Most interesting of all to me, however, was Ford's premise that Julian the Apostate succeeded in suppressing Christianity, resulting in a pluralistic, pagan Europe. Jeshites (worshippers of Jesus) do appear, but they are a minor (and somewhat creepy) cult. An entirely different culture arises; Arthur takes on an almost religious significance; Constantinople is never destroyed and becomes the heart of an aggressive empire whose ambitions underly every conflict, looming, magnificent and maleficent....more
I was pretty convinced this book would not be my cuppa, when a friend handed it to me and insisted I read it. I generally stick to fantasy and some scI was pretty convinced this book would not be my cuppa, when a friend handed it to me and insisted I read it. I generally stick to fantasy and some sci-fi. Historical, realistic fiction rarely does it for me, and romantic stuff usually makes my eye twitch unbecomingly.
On the other hand, delightful, female-driven paeans to the joy of reading are right up my alley. I've rarely been so pleased to be wrong about a book. I was expecting something a bit twee, but Guernsey is a book of real human depth, and how suffering can be alleviated by companionship and a shared love of literature. It's sweet, without being saccharine, and the heroine is endearingly funny and independent without veering into the dangerous territory of "plucky." I fell in love with Juliet.
If you love reading, chances are you will love this book. Epistolary novels can be difficult (for me), but I think Barrows does a really good job of establishing character through writing style, making it easy to follow who's who (in spite of all the names starting with "s") once you get into the swing of things. In short: read this book. It's lovely, short and definitely worth diving into....more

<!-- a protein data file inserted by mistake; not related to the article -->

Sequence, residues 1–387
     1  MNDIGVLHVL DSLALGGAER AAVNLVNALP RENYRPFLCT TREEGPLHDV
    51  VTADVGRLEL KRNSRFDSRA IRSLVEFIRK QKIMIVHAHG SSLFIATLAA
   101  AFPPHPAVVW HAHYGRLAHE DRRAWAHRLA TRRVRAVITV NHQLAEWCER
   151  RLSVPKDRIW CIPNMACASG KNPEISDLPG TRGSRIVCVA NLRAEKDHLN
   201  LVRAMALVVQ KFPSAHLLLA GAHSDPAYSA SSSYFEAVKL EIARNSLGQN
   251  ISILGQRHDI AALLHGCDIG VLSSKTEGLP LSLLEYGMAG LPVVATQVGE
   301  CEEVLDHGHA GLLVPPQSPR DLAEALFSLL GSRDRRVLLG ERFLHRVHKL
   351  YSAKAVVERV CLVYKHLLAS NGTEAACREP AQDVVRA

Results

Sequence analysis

For the most part, this collection is pretty good. The stories are interesting, although, oddly enough, they often feel the same. Many of them have veFor the most part, this collection is pretty good. The stories are interesting, although, oddly enough, they often feel the same. Many of them have very similar elements: feminist, trouser-wearing woman engineer (or assassin, or fighter) meets girl is really the hallmark of this collection. I don't think there were any stories about lesbians in established relationships, which was oddly disappointing. So much of the GLBTQ media out there focuses on young love and first experiences--a narrative that gets tired if it's the only one out there. And a couple of the stories seemed unfinished or incomplete, ending abruptly as if they were excerpts from earlier works or the authors were unsure how to conclude.
That said, I still really, really enjoyed Steam-Powered. Having an entire book of woman-centered stories is one thing; an entire book of woman-centered stories full of badass, intelligent lady-loving ladies is another ball of awesome! And this book avoids the trap that a lot of steampunk falls into: it may love that Victorian era, but it doesn't shy away from the ugly side of Imperialism. A lot of the characters are women of color, and quite a few stories are set in locations outside of the USA and Great Britain. Nearly all of the stories had intriguing world-building and interesting characters. And the pleasure of reading about lesbian leading ladies in one of my favorite genres really makes this book worth picking up. ...more
**spoiler alert** If you love Victorian fiction, Sir Arthur Conan Doyle, and H.P. Lovecraft, you will love this story. It's a brilliant mashup of Doyl**spoiler alert** If you love Victorian fiction, Sir Arthur Conan Doyle, and H.P. Lovecraft, you will love this story. It's a brilliant mashup of Doyle's famous detective and Lovecraft's elder gods, in which HRM Queen Victorian and the royal family has been replaced by Lovecraft's eternal horrors. The most delightful thing about the story is how perfectly Gaiman matches Doyle's tone and style. What would Holmes' London be like with a multi-tentacled, madness inducing Queen? Read Gaiman's work to find out....more